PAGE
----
Low-cost Android martphones have almost always gotten a bad rap because of the compromises made with their processors, the quality of their screens, and more in order to achieve a low price. That’s changed recently, though, with affordable Android phones becoming increasingly attractive to shoppers on a budget. Motorola has played a large role in that change with its Moto series of smartphones, specifically the Moto G and Moto E.
Motorola Moto E was quite a popular phone when it had launched last year. In fact, it was the best phone under Rs 10,000 till other phone makers started offering affordable price points. While the Moto E had been released at a time when Xiaomi was yet to debut in India, the second generation Moto E surely isn’t the only affordable device in the segment. In fact, Lenovo started the trend this year by introducing the 4G enabled A6000, and this was quickly followed by Xiaomi’s Redmi 2; both of which come at the same price point as the Motorola Moto E (2015). But does it make too many compromises in order to reach that low price? Let’s find out.
Hardware and Build Quality: 7.5/10
The Moto E (2nd Gen.) features several notable upgrades over its predecessor. The front of the new Moto E includes a 4.5-inch display that’s slightly larger than the original E’s 4.3-inch screen, but they’ve both got the same 960×540 resolution. Up above the Moto E (2nd Gen.)’s display is a VGA front-facing camera, which is a step up from the Moto E (1st Gen.) that didn’t have any front-facing shooter at all. Both Moto E models have 5-megapixel rear cameras, but the second generation model’s is an auto focus shooter and the original’s is fixed focus. Finally, the new Moto E’s got double the storage of its predecessor (8GB vs 4GB), a 2390mAh battery that’s considerably beefier than the first Moto E’s 1980mAh battery, a new Snapdragon 410 processor, and 4G LTE connectivity. So yeah, there are a lot of upgrades here.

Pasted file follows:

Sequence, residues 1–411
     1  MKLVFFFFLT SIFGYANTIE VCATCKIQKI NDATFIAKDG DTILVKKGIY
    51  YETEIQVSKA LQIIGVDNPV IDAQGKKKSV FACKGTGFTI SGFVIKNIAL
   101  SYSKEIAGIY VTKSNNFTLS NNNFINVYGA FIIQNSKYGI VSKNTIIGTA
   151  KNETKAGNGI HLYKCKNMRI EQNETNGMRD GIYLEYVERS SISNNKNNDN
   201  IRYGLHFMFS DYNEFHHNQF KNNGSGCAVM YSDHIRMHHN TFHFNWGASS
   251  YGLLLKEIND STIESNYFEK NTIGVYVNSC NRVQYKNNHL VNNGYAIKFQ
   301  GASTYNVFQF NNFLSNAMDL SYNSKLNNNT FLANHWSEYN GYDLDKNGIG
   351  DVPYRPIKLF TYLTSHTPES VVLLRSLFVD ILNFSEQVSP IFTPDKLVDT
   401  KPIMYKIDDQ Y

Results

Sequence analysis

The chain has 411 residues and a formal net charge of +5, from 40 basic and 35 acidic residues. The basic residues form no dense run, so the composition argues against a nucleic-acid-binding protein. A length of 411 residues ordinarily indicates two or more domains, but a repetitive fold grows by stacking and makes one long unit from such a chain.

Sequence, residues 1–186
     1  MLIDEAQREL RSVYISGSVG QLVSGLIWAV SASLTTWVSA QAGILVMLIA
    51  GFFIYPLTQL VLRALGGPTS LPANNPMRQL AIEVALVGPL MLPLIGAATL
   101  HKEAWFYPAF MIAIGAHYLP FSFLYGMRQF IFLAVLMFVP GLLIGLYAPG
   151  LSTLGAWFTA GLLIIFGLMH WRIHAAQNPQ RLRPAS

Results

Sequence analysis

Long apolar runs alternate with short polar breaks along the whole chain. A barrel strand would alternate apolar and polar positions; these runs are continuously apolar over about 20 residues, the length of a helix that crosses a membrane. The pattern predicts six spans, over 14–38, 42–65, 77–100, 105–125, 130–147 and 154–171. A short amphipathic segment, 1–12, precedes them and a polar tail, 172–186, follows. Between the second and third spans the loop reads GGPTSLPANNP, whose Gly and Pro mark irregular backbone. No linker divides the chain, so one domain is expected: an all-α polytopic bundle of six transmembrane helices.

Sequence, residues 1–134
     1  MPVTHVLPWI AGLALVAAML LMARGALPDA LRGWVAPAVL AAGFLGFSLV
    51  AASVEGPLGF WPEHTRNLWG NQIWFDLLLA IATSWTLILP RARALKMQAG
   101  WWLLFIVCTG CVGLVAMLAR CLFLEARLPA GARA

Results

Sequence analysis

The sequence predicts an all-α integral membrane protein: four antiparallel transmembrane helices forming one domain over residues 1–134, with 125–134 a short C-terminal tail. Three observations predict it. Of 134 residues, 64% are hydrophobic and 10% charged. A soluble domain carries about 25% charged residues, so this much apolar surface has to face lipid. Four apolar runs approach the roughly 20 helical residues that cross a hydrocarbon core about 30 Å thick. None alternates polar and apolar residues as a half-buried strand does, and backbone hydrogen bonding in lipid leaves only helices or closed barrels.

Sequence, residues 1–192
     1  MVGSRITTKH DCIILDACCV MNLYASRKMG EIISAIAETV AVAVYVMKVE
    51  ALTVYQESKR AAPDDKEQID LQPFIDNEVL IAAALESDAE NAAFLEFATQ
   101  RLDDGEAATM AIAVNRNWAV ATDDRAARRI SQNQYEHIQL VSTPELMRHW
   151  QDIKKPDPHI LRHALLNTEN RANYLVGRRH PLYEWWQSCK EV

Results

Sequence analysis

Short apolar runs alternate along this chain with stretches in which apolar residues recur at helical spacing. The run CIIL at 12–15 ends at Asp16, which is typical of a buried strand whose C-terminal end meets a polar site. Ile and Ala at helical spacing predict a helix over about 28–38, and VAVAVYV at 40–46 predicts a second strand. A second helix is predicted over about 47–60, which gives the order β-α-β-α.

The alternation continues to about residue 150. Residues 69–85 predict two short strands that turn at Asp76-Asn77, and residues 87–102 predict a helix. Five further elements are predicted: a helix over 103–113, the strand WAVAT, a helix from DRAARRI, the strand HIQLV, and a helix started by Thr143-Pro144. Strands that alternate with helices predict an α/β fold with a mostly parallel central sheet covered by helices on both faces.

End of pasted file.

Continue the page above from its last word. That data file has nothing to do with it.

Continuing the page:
In terms of design, the two Moto Es don’t look terribly different, though the latest model does only have one silver bar on its face for the loudspeaker, whereas the original model had one earpiece up top and one speaker at the bottom. It’s not a bad thing that the two models have a similar design, though. The Moto E (2nd Gen.) has a plastic body that feels solid and a curved back that rests nicely in your hand. Motorola has also used the well-known dimple found on older Moto devices, giving you a place to rest your finger during phone calls.
One other hardware detail that’s worth mentioning pertains to customization. While there’s no Moto Maker to let you totally customize the Moto E (2nd Gen.), there are Motorola Bands that you can buy. They cost $19.99 and come in packs of three: one has turquoise, purple, and raspberry, while the other offers red, blue, and golden yellow. The bands are easily removed and snapped onto the Moto E (2nd Gen.)’s body, letting you quickly give your phone a touch of color, and they’re also textured to provide a little more grip.
Motorola also sells Grip Shells that are priced at $19.99 each and come in blue, raspberry, turquoise, golden yellow, and charcoal color options. These Grip Shells have a thick, rubberized outer ring that offer considerably more protection than a Motorola Band, and they also have a plastic rear to protect the Moto E’s backside.
It’s also worth pointing out that in order to access the Moto E (2nd Gen.)’s SIM slot of microSD card slot, you simply remove the Band or Grip Shell that you’ve currently got on the device. Both slots are on the opposite side from the power/lock and volume buttons.
While the Moto E (2nd Gen.) isn’t quite as customizable as its Moto X sibling, Motorola does offer several different color options to add a bit of personality to your Moto E. And between the different colors and levels of protection, most people should be able to find a Band or Grip Shell that appeals to them.